There are 3 different documents you would need to approach an investor about your independent film. I’ve written guides on this blog to show you how to write each and every one of them. Those three documents are a Look Book (Guide linked here.) a Deck (Guide Linked Here) and a business plan. (Part 1/7 here) But while I’ve Written about HOW to create all of these documents, I’ve held back WHY you write them, WHO needs them, and WHEN to use them. So this blog will tell you WHO needs WHAT document WHEN and HOW they’re going to use it.
Pitching to independent investors is a much different formula than we’re generally taught in Film Schools. The formula we’re taught in Film School is generally built around a studio pitch. A studio does a lot more than give money to a project. They have huge marketing, PR, legal, and distribution teams that they use to monetize any films they finance. As such it’s not the filmmakers job to pitch their projects on anything except story when working within that system.
In the final part of my 7 part series on writing a business plan for independent film and media, I’ll be going over all of the financial statements you’ll need in your business plan. This is a section that you’ll want to write before you write the financial text section of your plan, as it will have great impact on that section, and potentially other sections of the plan. Each document should take up only a single page.
In part 6 of my 7 part series on independent film business planning, we’re going to go over the text portion of the financial section of the business plan. This is where you explain the methodology you used in your financial projections, the general plan for taking in the money, and then overview what you’re going to present in the final section, the pro-forma financial statements.
In this installment of my 7 part blog series on business planning, we’re going to take a look at the marketing section of the plan. This section is likely to be the longest section, as it encompasses an overview of the industry, as well as both marketing and distribution planning. Generally, this section will encompass 3-5 pages of the plan, all single spaced. This is among the most important sections of the plan, as it is a real breakdown of how money will come back to the film
Next up in my 7 part series on writing a business plan for independent film, we’ll be taking a deeper look at the project(s) section of the plan. The projects section of the plan is the most creative section, as it talks about the creative work that you’re seeking to finance. That being said, it breaks those creative elements into their basic business points. This section should be no more than a page if you have one project, and no more than 2 pages if you’re looking at a slate.
One of my more popular services for filmmakers is Independent Film Business Plan Writing. So I decided to do a series outlining the basics of writing an independent film business plan to talk about what I do, and give you an idea of how you can get started with it yourself. The first Section of the independent film business plan is always the executive Summary, and it’s the most important that you get right. So how do you get it write? Read this blog for the basics.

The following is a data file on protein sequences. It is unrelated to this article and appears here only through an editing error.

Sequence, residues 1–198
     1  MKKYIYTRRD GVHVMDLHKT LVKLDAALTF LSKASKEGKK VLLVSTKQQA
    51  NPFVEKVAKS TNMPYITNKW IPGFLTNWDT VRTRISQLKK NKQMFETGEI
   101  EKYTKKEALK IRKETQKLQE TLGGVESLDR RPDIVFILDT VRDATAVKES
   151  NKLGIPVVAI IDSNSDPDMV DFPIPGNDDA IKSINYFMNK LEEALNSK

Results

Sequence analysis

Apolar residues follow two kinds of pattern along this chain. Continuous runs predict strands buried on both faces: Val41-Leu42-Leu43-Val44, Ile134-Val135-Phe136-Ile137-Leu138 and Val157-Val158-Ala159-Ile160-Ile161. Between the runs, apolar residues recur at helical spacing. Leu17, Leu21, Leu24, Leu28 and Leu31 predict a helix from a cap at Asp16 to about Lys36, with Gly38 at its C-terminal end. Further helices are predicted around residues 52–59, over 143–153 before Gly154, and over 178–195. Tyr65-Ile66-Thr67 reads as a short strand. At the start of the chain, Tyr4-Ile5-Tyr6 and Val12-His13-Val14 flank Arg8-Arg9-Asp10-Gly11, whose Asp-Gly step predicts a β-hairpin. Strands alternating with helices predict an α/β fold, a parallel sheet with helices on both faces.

Most of the time filmmakers seek to raise their investment round in one go. A lot of people think that’s just how it’s done, so they ask would they try anything else?
But just as filmmakers shouldn’t only look for equity when raising money, Filmmakers should consider the possibility of raising money in stages. Here are the 4 best stages I’ve seen, and some ideas on where you can get the money for each stage.
I’m not a lawyer, but I get a fair amount of questions about the legal structure of a Production company and a film. So I thought I would write a blog about how I’ve learned to structure each individual entity, as well as the benefits and drawbacks of each choice.
Generally, you’ll want to have one legal entity that exists as your production company, and one legal entity for each project you produce. Generally, your production company will be a general partner in each project, and when each project has run it’s course, the entity will be dissolved. If you’re producing episodic content, you can probably get by with one entity per season.
As a key part of writing a business plan for independent film, a filmmaker must figure out how much the film is likely to make back. This involves developing or obtaining revenue projections.
There are generally two ways to do this, each with their own advantages and disadvantages. The first way is to do a comparative analysis. This means taking similar films from the last 5 years and plugging them into a comparative model to generate revenue estimates. The second way is to get a letter of intent from a sales agent, and get them to estimate what they could sell this for in various territories across the globe.
This blog will compare and contrast these two methods (Both of which I do regularly for clients) in an effort to help you better understand which way you want to go when writing the business plan for your independent film.
My name is Ben, I'm an Entrepreneur, Producer's Rep, and Author. I'm the founder of Guerrilla Rep Media, Co-Founder/CMO of ProductionNext, and founder of Producer Foundry. Together, the organizations seek to help make filmmaking a more economically sustainable endeavor. I am dysic, I have capitalization issues, and the blogs are often unedited. opinions all my own.
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